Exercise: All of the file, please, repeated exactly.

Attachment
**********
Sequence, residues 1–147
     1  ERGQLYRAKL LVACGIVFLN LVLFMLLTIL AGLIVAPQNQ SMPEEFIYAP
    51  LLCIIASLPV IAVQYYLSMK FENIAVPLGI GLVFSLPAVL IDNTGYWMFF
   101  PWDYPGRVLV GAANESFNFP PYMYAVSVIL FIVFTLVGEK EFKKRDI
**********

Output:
Sequence, residues 1–147
     1  ERGQLYRAKL LVACGIVFLN LVLFMLLTIL AGLIVAPQNQ SMPEEFIYAP
    51  LLCIIASLPV IAVQYYLSMK FENIAVPLGI GLVFSLPAVL IDNTGYWMFF
   101  PWDYPGRVLV GAANESFNFP PYMYAVSVIL FIVFTLVGEK EFKKRDI